Dartford Dodgers: £200m owed by foreign drivers in Crossing fees

Foreign drivers avoiding Dartford Charge

Nearly two million foreign drivers have not paid the mandatory Dartford Crossing charge since 2014. That’s the equivalent of one in five non-UK drivers avoiding the charge. The usual cost is £2.50 for cars and £6 for trucks. Ordinarily, ducking the charge at the Dartford Crossing would incur a £108 fine.

That amounts to as much as £200 million in unpaid charges and fines. The figure is just under what the charging system made in total from payments and fines over the entirety of 2017.

Dartford dodgers

How have they got away with it? It’s all to do with the new online payment system, whereby you have a strict period within which to pay the charge (if you’ve used the Dartford Crossing) or risk the fine. Automatic number plate recognition systems (ANPR) clock every vehicle that passes through, so you’re on record the moment you use it. The last traditional barrier was removed at the end of 2015, following the new system going live in 2014.

The difference for non-UK vehicles is that payment is harder to enforce and fines are more difficult to levy. Taking advantage of the ‘drive through, pay later’ system, overseas drivers have been trundling through without a care.

Foreign drivers avoiding Dart Charge

This could be an argument in favour of having manned booths where you have to stop and physically pay. These were fully replaced in recent years with the online payment system – the exact system that’s been taken advantage of.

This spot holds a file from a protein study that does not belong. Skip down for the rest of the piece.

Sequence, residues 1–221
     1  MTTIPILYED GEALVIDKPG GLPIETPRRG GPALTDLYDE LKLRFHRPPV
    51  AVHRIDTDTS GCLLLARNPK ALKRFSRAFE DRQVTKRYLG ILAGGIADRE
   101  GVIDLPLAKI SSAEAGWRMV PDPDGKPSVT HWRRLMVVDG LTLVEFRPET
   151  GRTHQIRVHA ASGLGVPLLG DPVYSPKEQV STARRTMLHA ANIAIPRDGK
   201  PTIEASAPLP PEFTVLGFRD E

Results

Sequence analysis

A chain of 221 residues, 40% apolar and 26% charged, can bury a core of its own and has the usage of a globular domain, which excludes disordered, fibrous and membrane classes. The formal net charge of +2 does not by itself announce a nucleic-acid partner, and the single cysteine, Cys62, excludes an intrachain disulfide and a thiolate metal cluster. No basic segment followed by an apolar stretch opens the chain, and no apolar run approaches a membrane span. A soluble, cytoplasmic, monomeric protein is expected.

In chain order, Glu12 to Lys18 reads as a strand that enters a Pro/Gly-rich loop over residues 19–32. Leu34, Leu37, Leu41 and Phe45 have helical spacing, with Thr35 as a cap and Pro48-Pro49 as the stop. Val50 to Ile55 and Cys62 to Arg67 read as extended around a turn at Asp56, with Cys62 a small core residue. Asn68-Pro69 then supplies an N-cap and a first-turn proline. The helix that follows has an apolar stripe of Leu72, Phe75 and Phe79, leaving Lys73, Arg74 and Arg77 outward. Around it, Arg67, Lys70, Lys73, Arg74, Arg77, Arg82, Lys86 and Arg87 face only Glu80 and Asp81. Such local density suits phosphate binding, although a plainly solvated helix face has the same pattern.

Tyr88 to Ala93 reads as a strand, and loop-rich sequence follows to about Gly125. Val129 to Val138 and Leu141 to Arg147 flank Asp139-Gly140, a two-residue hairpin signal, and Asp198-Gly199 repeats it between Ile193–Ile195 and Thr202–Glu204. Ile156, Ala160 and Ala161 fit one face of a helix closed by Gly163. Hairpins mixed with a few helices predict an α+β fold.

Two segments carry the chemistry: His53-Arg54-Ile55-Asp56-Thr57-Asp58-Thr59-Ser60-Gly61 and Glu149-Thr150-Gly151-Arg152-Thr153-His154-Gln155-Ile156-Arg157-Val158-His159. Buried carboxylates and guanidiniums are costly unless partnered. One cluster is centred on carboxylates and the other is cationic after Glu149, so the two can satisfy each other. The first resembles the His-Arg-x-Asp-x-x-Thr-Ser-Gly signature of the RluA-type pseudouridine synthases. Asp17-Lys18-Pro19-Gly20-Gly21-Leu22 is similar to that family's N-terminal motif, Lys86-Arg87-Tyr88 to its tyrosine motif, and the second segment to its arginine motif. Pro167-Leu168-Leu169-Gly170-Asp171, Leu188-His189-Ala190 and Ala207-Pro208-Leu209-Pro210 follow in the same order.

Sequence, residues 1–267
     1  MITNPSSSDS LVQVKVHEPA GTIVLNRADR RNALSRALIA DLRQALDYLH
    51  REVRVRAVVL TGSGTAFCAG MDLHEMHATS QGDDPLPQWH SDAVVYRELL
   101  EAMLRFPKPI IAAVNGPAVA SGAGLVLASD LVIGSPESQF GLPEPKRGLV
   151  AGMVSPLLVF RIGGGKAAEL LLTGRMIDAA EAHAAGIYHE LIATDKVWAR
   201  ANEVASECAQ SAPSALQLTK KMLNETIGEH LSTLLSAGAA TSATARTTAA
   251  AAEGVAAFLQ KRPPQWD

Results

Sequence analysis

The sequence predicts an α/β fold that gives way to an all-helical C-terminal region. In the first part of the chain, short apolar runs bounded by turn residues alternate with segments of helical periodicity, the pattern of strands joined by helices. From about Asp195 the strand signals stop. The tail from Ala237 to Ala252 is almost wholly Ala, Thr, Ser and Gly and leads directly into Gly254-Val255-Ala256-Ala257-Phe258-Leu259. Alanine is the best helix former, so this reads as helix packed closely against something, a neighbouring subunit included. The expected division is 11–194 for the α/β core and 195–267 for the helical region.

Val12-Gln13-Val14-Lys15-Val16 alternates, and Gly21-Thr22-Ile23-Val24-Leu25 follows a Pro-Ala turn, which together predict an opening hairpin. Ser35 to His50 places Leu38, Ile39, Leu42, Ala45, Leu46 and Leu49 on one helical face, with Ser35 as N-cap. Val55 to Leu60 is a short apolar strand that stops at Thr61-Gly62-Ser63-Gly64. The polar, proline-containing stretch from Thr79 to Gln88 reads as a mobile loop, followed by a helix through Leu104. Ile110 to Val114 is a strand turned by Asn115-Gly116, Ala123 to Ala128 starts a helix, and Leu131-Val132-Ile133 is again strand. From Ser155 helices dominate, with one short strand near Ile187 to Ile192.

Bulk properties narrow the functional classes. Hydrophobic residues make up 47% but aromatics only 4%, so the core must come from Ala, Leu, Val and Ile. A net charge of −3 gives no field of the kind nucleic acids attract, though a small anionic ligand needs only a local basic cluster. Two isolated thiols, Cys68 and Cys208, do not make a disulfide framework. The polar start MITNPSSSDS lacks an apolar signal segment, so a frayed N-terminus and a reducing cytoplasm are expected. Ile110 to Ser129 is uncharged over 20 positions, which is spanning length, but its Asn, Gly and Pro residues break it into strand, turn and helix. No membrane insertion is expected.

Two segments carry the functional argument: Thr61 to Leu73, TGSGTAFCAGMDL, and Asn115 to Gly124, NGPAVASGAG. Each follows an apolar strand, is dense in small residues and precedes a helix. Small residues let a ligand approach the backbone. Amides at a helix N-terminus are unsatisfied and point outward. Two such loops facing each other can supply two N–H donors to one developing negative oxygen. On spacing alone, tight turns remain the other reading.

As for the money owed and the dart-dodging drivers – the cases have been passed on to the European Debt Recovery Agency but the likelihood of full recovery is unknown. Highways England is reluctant to reveal exactly what’s been recovered. Some are claiming that’s because very little, if any at all, has been…

According to Highways England, four out of five visiting trucks are accounted for with payments, compared to 95 percent of UK-based truckers. Indeed, the Freight Transport Association warns that “it is quite difficult to follow up on non-UK register vehicles in comparison to those that are registered in the UK”. Highways England insist that “the vast majority of both British and foreign drivers are paying their Dart Charge correctly and on time”.